Principals and teachers are change agents, serving others. For some, change represents fear, distrust and more work. For others, the viable nucleus, change represents opportunity to re-think, adjust and grow. I don't believe in failure, only feedback. How do we reduce fear of change of status quo, get through the initial flux with few bruises, deal with dissent and hear every voice? The dance of change hopefully doesn't step on too many toes, until the idea becomes the new norm and easy.

Flow State.

Start with Maslow, add in Dewey and Gardener. Add Ccikszentmihalyi. Learning states include lowest, "on task", next "engaged", then "flow", the highest state where we are so cohesive as a class and school aha! moments are the norm. Senses are heightened, we lose track of time and remember why we wanted to be teachers in the first place. Teaching is a joy forever. Look at the happy kids. 

For maximum achievment, move beyond engagement to flow, in classrooms and the whole school community, in every way you can dream and imagine.  

Reflections on the journey.

We go back to our own KWL. Where are we now? How's that roadmap to excellence looking, sounding and feeling now?

It's ok to start over. There's no failure, only feedback. Mid-course corrections are always expected in the cycle of school transformation.

Bamboo grows very slowly underground, branching out, then finally when you least expect it, voila! Blooms all over the place. Schools and kids are like that.

Wishing you an affirming Teacher Appreciation Week this and every week. Thank you, America's best Teachers and Principals, all.

Leaving footprints on your reading hearts, Rita


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Modeling the art and craft of teaching reading for 45 years, Mrs. Wirtz taught language arts, speech and reading at all levels preschool-adult, including penal. She served as Pre-school and K-6 Principal. Rita was also a Curriculum Consultant, ESEA, Title I Program Evaluator and literacy trainer. At the university level she taught school administration in the Bilingual Cohort at CSUS and National University, Sacto. Mrs. Wirtz also taught all reading courses for Chapman University for many years in Sacramento and Placerville, Ca., and mentored student teachers. On the national level she was a well known motivational Keynote Speaker and Seminar Leader. Most importantly, Rita walked the talk, teaching with teachers in more than 500 K-12 and special needs classrooms. Rita authored books, publications and Pre- YouTube, videos were filmed by San Diego County Office of Education. Calif. ASCD authored companion book guides, and Calif. school districts correlated her basic skills instruction with State Standards. Mrs. Wirtz' newest book is Reading Champs! Teaching Reading Made Easy, a review of the basic building blocks of English and Reading. Find Mrs. Wirtz on Twitter @RitaWirtz, Facebook and website- www.ritawirtz.com.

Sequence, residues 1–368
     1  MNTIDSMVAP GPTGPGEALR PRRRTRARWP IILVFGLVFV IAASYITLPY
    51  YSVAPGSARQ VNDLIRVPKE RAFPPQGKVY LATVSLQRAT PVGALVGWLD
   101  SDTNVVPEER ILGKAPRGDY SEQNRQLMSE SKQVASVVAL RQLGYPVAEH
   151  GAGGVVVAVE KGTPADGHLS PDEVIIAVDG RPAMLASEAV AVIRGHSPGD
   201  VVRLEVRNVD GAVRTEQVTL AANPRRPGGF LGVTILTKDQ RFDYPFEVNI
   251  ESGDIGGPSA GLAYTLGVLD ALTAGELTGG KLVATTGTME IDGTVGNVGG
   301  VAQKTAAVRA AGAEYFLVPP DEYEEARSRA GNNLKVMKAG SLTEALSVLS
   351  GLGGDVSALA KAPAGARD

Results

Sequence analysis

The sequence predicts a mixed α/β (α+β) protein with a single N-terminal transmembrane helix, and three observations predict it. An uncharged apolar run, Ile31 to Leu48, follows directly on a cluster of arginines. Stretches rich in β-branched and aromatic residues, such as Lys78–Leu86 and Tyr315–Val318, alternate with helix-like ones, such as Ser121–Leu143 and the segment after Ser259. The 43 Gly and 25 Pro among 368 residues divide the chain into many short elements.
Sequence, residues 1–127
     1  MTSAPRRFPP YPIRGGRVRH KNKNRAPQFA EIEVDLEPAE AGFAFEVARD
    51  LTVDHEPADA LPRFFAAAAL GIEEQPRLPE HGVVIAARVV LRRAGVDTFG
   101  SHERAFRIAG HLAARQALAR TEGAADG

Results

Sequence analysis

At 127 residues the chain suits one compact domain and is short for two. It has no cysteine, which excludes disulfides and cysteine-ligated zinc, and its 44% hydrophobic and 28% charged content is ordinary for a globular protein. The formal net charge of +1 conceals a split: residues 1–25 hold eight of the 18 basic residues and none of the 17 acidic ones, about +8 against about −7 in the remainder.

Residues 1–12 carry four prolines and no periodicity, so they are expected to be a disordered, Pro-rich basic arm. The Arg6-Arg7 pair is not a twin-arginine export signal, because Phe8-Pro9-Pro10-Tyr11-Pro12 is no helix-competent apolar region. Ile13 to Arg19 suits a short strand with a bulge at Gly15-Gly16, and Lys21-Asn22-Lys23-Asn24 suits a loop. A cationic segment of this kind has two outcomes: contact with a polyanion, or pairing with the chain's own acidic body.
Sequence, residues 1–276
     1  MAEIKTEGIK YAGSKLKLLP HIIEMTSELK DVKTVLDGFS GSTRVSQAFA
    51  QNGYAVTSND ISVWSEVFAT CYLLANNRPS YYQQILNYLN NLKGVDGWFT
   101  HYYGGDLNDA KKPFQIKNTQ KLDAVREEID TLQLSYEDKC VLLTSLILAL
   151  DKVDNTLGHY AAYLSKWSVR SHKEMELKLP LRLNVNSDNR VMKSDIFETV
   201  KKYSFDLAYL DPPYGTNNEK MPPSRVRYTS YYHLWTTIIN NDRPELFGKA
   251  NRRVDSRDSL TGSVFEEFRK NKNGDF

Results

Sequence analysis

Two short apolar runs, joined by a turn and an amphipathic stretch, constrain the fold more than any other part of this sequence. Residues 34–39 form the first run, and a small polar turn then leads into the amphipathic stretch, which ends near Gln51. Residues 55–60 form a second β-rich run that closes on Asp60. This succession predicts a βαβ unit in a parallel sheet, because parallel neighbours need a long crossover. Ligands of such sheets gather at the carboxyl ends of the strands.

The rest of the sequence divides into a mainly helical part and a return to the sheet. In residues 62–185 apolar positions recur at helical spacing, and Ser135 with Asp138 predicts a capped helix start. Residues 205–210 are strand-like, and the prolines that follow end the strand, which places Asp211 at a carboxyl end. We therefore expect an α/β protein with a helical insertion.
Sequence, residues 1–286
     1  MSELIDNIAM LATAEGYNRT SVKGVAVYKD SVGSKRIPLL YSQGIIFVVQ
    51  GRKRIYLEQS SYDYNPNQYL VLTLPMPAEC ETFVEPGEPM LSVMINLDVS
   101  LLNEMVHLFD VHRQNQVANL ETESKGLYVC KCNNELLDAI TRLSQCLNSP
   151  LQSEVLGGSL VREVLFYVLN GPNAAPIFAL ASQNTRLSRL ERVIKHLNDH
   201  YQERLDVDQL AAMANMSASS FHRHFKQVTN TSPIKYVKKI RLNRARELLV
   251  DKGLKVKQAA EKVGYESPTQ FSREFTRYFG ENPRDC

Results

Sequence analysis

• Jon Harper /  @Jonharper70bd
    Jon Harper / @Jonharper70bd Sunday, 29 May 2016

    Rita you have packed a lot in here. I like the voice and writing style you used. It made it flow very nicely. I love the term flow state. Jason Silva, who produces and hosts "Shots of Awe," has amazing three minute video on this concept. Very well done as always.

  • Rita Wirtz |  @RitaWirtz
    Rita Wirtz | @RitaWirtz Sunday, 29 May 2016

    Thank you Jon. That means a lot coming from you!